By Mikita Mikado

Your first sales hire should be your CEO (it might end up being yourself), to sell to investors, your initial team, your first clients, and so on. But CEOs and founders have many other responsibilities and (hopefully) soon, you will need to scale your sales strategy. It’s important to hire effectively in the moment but also plan for the future when it comes to sales teams for an early stage startup. Let’s dig in to some quick, actionable tips!

Hire Two People at Once

Jason Lemkin of SaaStr suggests hiring 2 people at once whenever you’re hiring for sales, which I completely agree with. He makes an excellent argument for this, which I’ll summarize for you below:

  • Learning from comparison: “If your first rep does poorly, you’ll have no idea why.” Even more interesting: “If your first rep does well…you’ll still have no idea why.”
  • Acknowledging that you’re not a sales expert: “It wasn’t until we finally had a second great rep, that I could learn…I could guess before, squint at data. But I didn’t know until I had 2 good ones. Look, if you’ve been a VP of Sales yourself for 10 years, ignore this.  But most of you haven’t built or led an inside sales team before. So you’re gonna need to learn.”
  • Don’t try to save money: Given the two points above, consider it in an investment in the overall sales strategy of your company. The two will compete, so you won’t have to worry about either of them slacking, and they’ll also be able to collaborate and share best practices.

So if you do this, what are the possible outcomes? Since you’ll have two, the performance results should be comparative. Unless the results are Bad + Very Bad (hopefully this is quite obvious and in this case, there was some issue with hiring so you’ll have to start all over), you should end up with some version of the following:

One rep is significantly or slightly underperforming compared to the other. At this point, you can either let the underperforming rep go or make the better performing rep a manager, who’ll train the worse performing one and/or hire better ones.

Experienced Hires vs. Entry-Level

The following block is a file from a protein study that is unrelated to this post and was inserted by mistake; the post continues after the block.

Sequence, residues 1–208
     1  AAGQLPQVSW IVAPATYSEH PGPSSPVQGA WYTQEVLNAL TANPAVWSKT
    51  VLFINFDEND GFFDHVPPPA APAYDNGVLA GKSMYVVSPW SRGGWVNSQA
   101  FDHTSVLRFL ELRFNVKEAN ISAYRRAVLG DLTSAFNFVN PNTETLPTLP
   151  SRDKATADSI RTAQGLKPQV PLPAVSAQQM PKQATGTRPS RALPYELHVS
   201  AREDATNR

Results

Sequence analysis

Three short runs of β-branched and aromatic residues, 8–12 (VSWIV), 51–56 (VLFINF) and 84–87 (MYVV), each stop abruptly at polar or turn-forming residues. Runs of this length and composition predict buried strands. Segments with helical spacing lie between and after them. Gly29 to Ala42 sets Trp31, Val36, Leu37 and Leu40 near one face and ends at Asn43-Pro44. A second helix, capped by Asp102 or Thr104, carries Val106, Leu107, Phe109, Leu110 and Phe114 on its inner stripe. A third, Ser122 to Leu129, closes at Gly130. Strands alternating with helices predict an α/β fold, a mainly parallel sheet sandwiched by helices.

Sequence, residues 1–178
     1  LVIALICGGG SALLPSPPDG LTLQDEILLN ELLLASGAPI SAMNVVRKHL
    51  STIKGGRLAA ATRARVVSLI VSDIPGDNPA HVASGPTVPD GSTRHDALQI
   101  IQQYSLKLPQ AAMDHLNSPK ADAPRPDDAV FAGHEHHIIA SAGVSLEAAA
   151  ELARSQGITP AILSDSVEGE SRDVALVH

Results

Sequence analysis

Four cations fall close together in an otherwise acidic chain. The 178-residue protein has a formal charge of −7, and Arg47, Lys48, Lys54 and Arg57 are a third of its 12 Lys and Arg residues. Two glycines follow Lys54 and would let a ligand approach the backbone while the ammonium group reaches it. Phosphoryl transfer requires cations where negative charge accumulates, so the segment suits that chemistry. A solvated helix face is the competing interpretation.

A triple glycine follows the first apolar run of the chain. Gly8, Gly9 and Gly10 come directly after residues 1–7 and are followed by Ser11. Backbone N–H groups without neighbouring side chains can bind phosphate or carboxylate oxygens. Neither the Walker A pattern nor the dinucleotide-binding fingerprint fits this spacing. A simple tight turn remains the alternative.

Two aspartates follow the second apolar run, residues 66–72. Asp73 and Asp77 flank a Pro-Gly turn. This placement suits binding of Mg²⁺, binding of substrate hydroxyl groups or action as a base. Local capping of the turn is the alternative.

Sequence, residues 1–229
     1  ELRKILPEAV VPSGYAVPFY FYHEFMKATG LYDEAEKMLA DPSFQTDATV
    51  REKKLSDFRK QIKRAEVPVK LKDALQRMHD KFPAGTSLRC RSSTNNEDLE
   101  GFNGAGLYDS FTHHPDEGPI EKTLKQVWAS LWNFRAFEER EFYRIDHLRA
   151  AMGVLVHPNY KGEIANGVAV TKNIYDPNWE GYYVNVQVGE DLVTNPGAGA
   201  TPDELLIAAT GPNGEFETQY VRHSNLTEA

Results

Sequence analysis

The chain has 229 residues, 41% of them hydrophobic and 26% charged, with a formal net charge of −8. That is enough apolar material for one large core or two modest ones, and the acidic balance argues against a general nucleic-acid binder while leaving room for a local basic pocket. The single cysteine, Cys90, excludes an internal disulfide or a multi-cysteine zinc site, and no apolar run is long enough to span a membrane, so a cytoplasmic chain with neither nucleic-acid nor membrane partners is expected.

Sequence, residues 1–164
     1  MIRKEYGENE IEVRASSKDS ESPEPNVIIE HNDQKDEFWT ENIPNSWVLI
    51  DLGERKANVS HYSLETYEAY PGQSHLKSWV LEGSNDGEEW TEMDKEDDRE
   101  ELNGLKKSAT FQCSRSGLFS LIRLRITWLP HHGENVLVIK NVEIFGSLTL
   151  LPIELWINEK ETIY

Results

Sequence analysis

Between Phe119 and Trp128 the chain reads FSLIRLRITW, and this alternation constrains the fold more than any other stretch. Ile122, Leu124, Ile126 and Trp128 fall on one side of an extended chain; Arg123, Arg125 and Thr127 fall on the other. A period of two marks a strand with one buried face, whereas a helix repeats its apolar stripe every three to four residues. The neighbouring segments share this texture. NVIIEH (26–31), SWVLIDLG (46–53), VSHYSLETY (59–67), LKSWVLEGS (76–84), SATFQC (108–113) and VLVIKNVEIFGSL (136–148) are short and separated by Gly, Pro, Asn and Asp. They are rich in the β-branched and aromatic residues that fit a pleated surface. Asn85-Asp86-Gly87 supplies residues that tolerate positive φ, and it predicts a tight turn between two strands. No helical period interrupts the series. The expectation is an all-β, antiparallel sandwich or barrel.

It is important to know what revenue engine your company is going to establish and stick to. Once you know this and how much you’re willing to invest upfront, it’ll be clearer who you need to hire to start.

If you have the capital and you’re clear on your revenue engine, hire a VP of sales who can help you to build and scale a sales team.

If you don’t have millions of dollars in the bank and can’t afford to hire a VP of sales, you have to act as a VP of sales and figure out repeatable processes for your sales organization. Hire two sales reps (remember, having two is crucial!) the moment you discover a repeatable process for them to follow that is super simple and measureable. For example, you can hire two outbound Sales Development Reps (SDRs) to pitch prospective customers and set up appointments for you. You’ll be talking to customers and closing the deals, but your sales reps will be taking care of a very time-intensive and important task. You’ll be able to measure their performance on the number of appointments set. And those first two outbound SDRs won’t cost a lot to hire and you should be able to find some good ones quickly (unlike a VP of sales).

How to Grow: Hiring Account Executives

You will definitely want to split your sales team’s responsibilities based on these three stages: lead generation, qualification, and closing. The people doing the first two (Sales Development Representatives, as mentioned above) are normally a lot less experienced than the guys closing the deals (Account Executives).

I’d suggest hiring SDRs first and polishing their process over 2-4 months. Once an SDR team produces sales qualified appointments and you personally have no time to handle them all, hire an AE. AEs will be a lot more productive if they already have a pipeline of interested parties to pitch to.

Account Executives are a lot harder to hire, so only start this process when you know you’re ready and they’ll actually be able to be a value add to your business. They’re difficult to hire because AEs that are used to closing $1M deals are very different from the ones that close $1K deals. Those are two entirely different jobs, and many early-stage founders hire the wrong type for their specific business.

$1M vs. $1K: Don’t hire an enterprise AE if you’re closing thousand-dollar deals. They’re not going to be be making the kind of money they’re used to so they will get bored and quit. You’ll spend more money than you need to. Hire someone who’ve been closing similar deals in terms of size and complexity (and if possible, industry or vertical).

Type of sales experience: Software vs. Advertising. Outside of industry or what company they used to work at, think more abstractly about the approach they have used in the past and what skills they’ve built. Many software AEs have to create value and solve problems for customers. Advertising AEs (there are a lot of these in Silicon Valley) are a little different. They’re selling an upside, an opportunity (ad space). Those are two fundamentally different approaches to selling and it is best if your first hires don’t have to learn a new approach on the job.

In understanding these concepts, your company will be able to establish a sales team and scale up accordingly.

Mikita Mikado is a software engineer, entrepreneur and co-founder and CEO of PandaDoc, makers of all-in-one software that enables easier, faster delivery of high-quality, personalized documents. @pandadoc.